In 1929 Sir John Lavery gave 34 of his paintings to the Belfast Museum and Art Gallery (now the Ulster Museum) when it opened. This much-loved collection includes some of his finest portraits, as well as work painted during his time in Morocco, Switzerland and America. Below is a window into Lavery’s world.
Sir John and Lady Lavery
The story of Sir John Lavery and how the Ulster Museum collection of his work began. Read more
Under the Cherry Tree, 1885
Under the Cherry Tree was painted at Grez-sur-Loing, a small village on the river Loing Read more
The Bridge at Grès, 1901
The Bridge at Gres used almost the same view as Under the Cherry Tree and was painted quickly, almost in a single session Read more
Eileen, her first communion, 1901
Lavery's daughter, Eileen Read more
The Mother, 1909
Eileen as a new mother Read more
Tangier Bay rain (1910)
Lavery painted Tangier bay 10 years apart Read more
Tangier Bay sunshine, 1920
Tangier Bay in the sunshine after WW1 Read more
Second Study for the King, the Queen, the Prince of Wales, the Princess Mary, Buckingham Palace (1913)
Royal connections Read more
Daylight raid from my studio window 1917
Lavery was a famous artist at the time of the First World War Read more
His Eminence Cardinal Logue 1920
Lavery became very famous during his lifetime for his powerful and commanding portraits Read more
The Green Coat
Lavery married his second wife, Hazel Martyn, in 1909 Read more
The Red Hammock 1936
This large-scale work was painted by Lavery when he was 80 Read more
Sir John Lavery - Ulster Museum collection
Born in Belfast, Lavery was orphaned early in his life. He was sent to Scotland in 1866 and began his career in Glasgow, working in a photography studio and making art in his spare time. He progressed quickly as a painter and during the 1880s he visited Paris and the artists’ colony at Grez-sur-Loing, near Fontainebleau, where he painted several significant works.
In 1888 he was commissioned to paint The State Visit of Queen Victoria to the Glasgow International Exhibition, and the resulting studies launched his career as a society portraitist. By 1910 he had become an artist of international renown and by the 1930s had collected many accolades and titles.
In 1929 he gave the Belfast Museum and Art Gallery (now the Ulster Museum) thirty-four paintings, for two reasons he said: ‘one that I was born in Belfast, and the other that they had built a gallery there, but had no pictures to put in it’.
He was a very diverse artist and painted a huge range of subject matter, from regal and society portraits to spontaneous images of the people he knew best, as well as landscapes and seascapes. Lavery perfected the oil sketch as a means of planning his compositions and during his frequent travels to North Africa, Switzerland and France he evolved subtle colour harmonies which show the influence of Whistler.
The Ulster Museum would like to thank Dr Kenneth McConkey for his research on Sir John Lavery.
Early artistic education in France
Under the Cherry Tree was painted at Grez-sur-Loing, a small village on the river Loing, south of Fontainbleu, near Paris, where artists had gathered since the 1860s. Lavery worked there in 1883 and 1884 and it was during that time that he developed his new ‘plein-air’ style; working outside directly from nature. When first exhibited at the Glasgow Institute in 1885 this painting bore the title On the Loing: An Afternoon Chat. Under the Cherry Tree is larger and more ambitious than any work Lavery had previously attempted. It is a youthful masterwork, heavily influenced by Bastien-Lepage and was intended to display the painterly techniques he had recently acquired through study in France. The composition of Under the Cherry Tree is divided into three distinct areas and Lavery employed a different technique in the painting of each, including the finely observed vegetation in the foreground and the misty rendition of bridge and foliage in the background.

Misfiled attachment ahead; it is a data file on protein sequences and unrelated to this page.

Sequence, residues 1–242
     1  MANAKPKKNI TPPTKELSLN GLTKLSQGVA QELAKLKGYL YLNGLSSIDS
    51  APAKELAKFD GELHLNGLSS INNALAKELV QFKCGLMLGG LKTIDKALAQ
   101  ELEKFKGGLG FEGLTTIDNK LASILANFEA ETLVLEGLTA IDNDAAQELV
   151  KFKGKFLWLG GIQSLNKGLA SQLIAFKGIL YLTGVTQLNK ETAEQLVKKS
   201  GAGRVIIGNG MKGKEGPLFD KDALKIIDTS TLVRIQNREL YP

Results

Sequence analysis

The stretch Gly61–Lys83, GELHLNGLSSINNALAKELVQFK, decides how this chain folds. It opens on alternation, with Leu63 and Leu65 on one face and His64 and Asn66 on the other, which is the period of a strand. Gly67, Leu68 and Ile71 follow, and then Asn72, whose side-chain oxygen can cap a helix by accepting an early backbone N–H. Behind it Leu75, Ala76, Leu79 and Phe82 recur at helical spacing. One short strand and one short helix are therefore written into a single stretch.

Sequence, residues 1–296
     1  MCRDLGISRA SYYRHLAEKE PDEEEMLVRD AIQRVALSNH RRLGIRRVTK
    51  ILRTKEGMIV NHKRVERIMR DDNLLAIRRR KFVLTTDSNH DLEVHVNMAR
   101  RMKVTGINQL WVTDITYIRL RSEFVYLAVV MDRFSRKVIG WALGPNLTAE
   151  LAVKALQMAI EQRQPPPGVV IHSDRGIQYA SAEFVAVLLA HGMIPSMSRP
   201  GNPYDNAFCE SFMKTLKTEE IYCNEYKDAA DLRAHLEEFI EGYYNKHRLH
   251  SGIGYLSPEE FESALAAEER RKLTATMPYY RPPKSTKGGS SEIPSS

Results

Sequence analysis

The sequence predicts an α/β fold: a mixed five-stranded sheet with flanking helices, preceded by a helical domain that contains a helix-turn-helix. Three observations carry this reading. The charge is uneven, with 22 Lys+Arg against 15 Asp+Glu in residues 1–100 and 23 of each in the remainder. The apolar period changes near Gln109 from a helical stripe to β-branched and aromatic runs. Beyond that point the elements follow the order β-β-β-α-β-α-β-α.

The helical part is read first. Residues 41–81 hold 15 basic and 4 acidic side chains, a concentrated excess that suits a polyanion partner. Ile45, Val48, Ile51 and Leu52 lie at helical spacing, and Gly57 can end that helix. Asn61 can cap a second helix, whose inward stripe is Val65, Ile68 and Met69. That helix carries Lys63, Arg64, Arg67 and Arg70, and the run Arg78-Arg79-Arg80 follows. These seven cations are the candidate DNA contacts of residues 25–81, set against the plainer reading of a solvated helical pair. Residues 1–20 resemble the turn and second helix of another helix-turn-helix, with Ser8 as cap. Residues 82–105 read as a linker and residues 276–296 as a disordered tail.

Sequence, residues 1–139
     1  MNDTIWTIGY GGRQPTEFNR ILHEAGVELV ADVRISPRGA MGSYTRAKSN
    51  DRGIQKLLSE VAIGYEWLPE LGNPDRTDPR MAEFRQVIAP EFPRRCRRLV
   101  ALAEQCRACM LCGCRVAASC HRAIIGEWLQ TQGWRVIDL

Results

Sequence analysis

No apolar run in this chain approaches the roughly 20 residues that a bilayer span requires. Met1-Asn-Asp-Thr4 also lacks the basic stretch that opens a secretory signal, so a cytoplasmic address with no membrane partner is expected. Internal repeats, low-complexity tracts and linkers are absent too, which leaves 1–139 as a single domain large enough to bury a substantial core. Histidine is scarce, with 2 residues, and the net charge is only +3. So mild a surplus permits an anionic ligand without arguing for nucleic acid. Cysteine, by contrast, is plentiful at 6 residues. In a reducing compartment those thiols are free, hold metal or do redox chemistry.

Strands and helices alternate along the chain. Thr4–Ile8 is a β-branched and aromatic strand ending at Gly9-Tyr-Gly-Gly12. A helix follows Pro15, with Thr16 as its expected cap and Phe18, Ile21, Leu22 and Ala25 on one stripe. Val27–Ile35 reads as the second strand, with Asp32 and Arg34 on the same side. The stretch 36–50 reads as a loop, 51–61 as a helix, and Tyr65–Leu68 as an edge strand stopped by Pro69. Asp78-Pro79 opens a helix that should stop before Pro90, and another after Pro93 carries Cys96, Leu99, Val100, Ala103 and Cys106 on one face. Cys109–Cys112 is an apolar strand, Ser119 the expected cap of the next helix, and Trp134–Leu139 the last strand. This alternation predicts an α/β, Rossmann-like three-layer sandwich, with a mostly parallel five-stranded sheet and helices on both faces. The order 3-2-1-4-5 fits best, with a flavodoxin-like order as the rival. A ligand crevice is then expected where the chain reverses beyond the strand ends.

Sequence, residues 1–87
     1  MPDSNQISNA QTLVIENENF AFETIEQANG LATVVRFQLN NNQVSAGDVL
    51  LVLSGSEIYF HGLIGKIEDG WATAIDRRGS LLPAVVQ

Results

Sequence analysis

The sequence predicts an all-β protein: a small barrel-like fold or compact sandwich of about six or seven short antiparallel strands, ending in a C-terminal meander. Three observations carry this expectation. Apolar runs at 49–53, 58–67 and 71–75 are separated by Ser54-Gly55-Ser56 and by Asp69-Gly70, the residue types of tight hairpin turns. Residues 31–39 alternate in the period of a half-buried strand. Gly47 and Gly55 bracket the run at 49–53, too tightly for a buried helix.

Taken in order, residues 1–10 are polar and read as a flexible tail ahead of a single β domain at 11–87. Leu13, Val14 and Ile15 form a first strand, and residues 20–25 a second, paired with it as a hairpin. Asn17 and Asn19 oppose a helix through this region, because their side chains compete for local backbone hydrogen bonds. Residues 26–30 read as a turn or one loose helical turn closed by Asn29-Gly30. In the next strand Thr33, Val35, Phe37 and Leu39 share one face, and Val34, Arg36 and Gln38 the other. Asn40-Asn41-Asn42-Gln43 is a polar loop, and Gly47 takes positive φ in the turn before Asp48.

Late in the 1890s, Lavery returned to rural France and revisited Grez-sur-Loing, In The Bridge at Gres he used almost the same view as Under the Cherry Tree. The Bridge at Grès was painted quickly, almost in a single session, and is one of the finest examples of Lavery’s increasingly sophisticated landscape paintings. The horizon line is set high in the painting and the figures only sketchily observed. The real subject of the painting is the river surface, which recalls Monet’s fascination with the effects of light on water.
The influence of Whistler
Lavery often painted those he was closest to, and these two works show his much-loved daughter Eileen at two very different stages - in childhood, and with a child of her own. Eileen was Lavery’s only child, the daughter of his first wife, Kathleen, who died shortly after her daughter’s birth. In this sketch for a larger painting, Lavery concentrates on the subtle graduations of tone between white and grey of her gown and veil.
Lavery was strongly influenced by fellow painter James Abbott McNeill Whistler, in particular his delicate and restrained colour harmonies. He kept in regular contact with Whistler from the time they met in 1887 and gave him considerable assistance when he formed the International Society of Sculptors, Painters and Gravers in 1897-8, acting as vice-president alongside Whistler as President. Whistler was, in fact, staying with Lavery when he painted Eileen, aged seven, on holiday from her convent boarding school.
The influence of Whistler is also very apparent in the soft brushstrokes and tonal qualities of grey and pink paint in this tender work, The Mother. This portrait began life in 1909, as a profile study of Lavery’s friend and model Mary Auras, and ended as a study of motherhood in 1924, showing his daughter Eileen with her child.
Lavery and Whistler remained close until Whistler’s death in 1903.
Lavery visited Morocco for the first time in 1890 and spent a lot of time in Tangier during the 1900s and 1910s. He was attracted by the strong light and brilliant colours of the north African landscape.
During these years he painted many beach scenes and seascapes often using bands of delicately coloured paint to represent the seas of the southern Mediterranean.
In the far distance of this seascape, a small warship patrolling the straits of Gibraltar appears as a finely traced smoke-trail. This could be a reference to the growing international unease in the years leading up to the outbreak of war in 1914.
Lavery revisited the same bay ten years later to paint it in sunshine.
Lavery had exhibited at the Venice Biennale exhibition in 1910 with the city probably inspiring him to experiment more with seascape painting.
In 1912 Lavery was commissioned to paint the Royal Family for the fee of £2,000. Consistent with previous practice, the painter combined individual head studies with the setting and produced two oil sketches of the group for the Queen’s approval, one of which was given to the Ulster Museum.